Factors Influencing Women with Bipolar Disorder and Pregnancy


Women with bipolar disorder are at high risk for a mood episode in the immediate postpartum period.

The desire of many women with bipolar disorder to become pregnant often supersedes their concerns about their disease. Women with bipolar disorder are at high risk for a mood episode in the immediate postpartum period. One in 5 suffers postpartum psychosis, and up to half experience a depressive episode. Patients who are planning to become pregnant must consider whether they will change their medications to prevent fetal harm, and how to plan for the postpartum period.

TheBritish Journal of Psychiatry Openpublished study results in its September 2016 issue that show providers should educate women with bipolar disorder about the relationship between their disorder and pregnancy.

The researchers sampled women of childbearing age with bipolar disorder who were pregnant, considering pregnancy, or pregnant in the past. They supplemented this qualitative assessment with data from an online forum. The study enrolled participants at National Health Service clinics and Bipolar UK workshops.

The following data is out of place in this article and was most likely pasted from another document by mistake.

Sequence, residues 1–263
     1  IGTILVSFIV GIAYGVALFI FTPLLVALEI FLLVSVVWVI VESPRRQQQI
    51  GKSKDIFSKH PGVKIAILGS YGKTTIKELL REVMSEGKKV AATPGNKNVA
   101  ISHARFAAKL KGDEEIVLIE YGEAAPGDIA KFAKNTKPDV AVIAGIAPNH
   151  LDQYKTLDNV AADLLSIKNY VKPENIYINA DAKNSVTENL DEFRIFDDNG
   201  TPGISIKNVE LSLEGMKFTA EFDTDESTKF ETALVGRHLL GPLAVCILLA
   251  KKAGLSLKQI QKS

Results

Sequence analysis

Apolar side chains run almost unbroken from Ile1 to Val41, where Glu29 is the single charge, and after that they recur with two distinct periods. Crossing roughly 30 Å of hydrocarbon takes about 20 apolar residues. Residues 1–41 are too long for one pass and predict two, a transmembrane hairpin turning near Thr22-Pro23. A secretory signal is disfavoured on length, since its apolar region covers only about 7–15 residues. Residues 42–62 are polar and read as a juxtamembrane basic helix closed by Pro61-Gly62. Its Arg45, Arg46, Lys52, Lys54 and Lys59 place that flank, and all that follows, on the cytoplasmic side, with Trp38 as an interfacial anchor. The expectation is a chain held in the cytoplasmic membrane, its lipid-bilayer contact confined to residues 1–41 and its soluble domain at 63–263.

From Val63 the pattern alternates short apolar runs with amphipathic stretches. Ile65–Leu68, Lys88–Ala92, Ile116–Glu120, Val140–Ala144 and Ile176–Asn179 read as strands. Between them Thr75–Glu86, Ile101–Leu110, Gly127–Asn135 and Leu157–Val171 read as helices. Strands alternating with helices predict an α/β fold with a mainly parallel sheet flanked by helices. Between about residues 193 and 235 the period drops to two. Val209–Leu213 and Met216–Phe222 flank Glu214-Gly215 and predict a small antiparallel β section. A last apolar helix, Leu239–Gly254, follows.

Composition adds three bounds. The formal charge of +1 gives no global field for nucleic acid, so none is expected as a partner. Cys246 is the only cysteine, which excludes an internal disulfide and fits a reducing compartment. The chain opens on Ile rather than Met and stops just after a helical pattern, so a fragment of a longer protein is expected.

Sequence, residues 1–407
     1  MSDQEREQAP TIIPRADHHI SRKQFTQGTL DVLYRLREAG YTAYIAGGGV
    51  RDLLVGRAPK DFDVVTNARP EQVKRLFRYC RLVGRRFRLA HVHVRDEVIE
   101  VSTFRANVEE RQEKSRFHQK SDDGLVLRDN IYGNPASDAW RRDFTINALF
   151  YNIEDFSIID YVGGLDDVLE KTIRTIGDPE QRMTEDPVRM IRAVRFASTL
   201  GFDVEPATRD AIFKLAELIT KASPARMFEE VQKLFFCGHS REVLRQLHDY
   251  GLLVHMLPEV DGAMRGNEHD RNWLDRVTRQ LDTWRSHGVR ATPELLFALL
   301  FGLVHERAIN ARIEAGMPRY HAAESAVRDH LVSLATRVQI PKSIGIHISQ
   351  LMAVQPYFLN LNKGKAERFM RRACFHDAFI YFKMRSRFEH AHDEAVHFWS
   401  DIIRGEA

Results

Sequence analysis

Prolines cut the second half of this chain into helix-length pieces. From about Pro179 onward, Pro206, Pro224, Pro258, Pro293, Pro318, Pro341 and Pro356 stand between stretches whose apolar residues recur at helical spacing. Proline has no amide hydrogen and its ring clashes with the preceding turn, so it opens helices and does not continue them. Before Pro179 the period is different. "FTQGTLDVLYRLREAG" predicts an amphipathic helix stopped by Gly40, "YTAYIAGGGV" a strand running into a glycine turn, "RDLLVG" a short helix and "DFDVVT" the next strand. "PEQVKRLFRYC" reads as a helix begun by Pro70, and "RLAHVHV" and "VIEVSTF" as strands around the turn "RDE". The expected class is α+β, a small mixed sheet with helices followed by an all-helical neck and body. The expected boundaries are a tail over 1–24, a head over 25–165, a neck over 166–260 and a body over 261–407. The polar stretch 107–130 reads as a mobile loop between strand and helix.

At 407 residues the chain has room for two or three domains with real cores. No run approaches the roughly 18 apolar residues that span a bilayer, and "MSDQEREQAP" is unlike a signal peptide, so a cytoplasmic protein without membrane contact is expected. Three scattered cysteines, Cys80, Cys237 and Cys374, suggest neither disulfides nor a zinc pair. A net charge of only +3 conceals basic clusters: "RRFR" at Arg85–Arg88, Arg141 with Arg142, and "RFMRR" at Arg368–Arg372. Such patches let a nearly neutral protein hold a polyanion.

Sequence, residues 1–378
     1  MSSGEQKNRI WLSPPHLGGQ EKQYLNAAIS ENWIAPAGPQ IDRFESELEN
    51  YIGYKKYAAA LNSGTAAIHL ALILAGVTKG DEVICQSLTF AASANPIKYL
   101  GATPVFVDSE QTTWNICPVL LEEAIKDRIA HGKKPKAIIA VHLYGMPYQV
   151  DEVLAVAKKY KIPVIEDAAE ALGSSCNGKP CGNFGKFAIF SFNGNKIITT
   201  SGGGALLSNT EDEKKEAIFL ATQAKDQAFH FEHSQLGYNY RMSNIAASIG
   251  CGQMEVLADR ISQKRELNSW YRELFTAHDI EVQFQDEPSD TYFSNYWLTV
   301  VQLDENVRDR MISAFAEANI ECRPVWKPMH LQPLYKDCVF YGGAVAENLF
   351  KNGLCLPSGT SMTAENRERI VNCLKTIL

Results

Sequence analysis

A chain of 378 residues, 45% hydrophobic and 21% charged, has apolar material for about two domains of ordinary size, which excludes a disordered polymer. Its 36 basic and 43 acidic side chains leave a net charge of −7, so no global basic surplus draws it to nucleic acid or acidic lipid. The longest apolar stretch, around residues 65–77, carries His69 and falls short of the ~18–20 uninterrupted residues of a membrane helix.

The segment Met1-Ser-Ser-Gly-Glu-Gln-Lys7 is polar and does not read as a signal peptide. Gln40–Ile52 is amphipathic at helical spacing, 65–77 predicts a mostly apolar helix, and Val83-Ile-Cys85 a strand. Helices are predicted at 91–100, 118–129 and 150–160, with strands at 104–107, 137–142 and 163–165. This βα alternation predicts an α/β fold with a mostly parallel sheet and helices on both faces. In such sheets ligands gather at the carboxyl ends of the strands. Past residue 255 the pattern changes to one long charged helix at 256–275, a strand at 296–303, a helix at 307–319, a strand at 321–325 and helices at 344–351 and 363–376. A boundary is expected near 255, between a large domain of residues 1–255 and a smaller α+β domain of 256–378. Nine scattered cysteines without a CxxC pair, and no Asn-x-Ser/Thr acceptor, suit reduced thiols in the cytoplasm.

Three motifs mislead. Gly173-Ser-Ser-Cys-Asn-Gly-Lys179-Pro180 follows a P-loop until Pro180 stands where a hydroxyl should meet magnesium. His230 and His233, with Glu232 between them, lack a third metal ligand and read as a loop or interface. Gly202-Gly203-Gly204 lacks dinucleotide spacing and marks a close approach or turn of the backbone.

Patients in the study expressed many fears, such as:

  • Relapsing if they change their medications to avoid teratogens
  • Harming their fetus if they continue on the same therapy
  • The inheritability of bipolar disorder, although disease inheritance is not a guarantee. These fears go beyond the healthcare realm to include concerns about social services taking away their child due to “bad parenting.”

Childbirth, especially if prolonged, is a stressful event that can precipitate a relapse or worsening of bipolar disorder. Some women seek Caesarean sections to avoid a stressful delivery, but providers should discourage unnecessary Caesarean sections.

Stigmatizing attitudes toward mental illness can affect the choices women make about their treatment. Some women may choose not to take their medication postnatally because of the pressure to breast-feed. Provider support of bottle-feeding by women who cannot breast-feed is crucial for the well-being of both the mother and child.

Surrogacy and adoption are other methods of fulfilling a patient’s desire to be a mother, without the psychological and physical stress of pregnancy and childbirth. However, fear of judgmental officials in social services departments prevents many women from attempting to adopt.

These findings inform all providers of pregnant women, not just psychiatric staff, about patients’ concerns regarding their disorder in relation to having children. Providers should provide an understanding environment with less stigmatization in order to offer proper support and counseling to women with bipolar disorder who plan to become pregnant.

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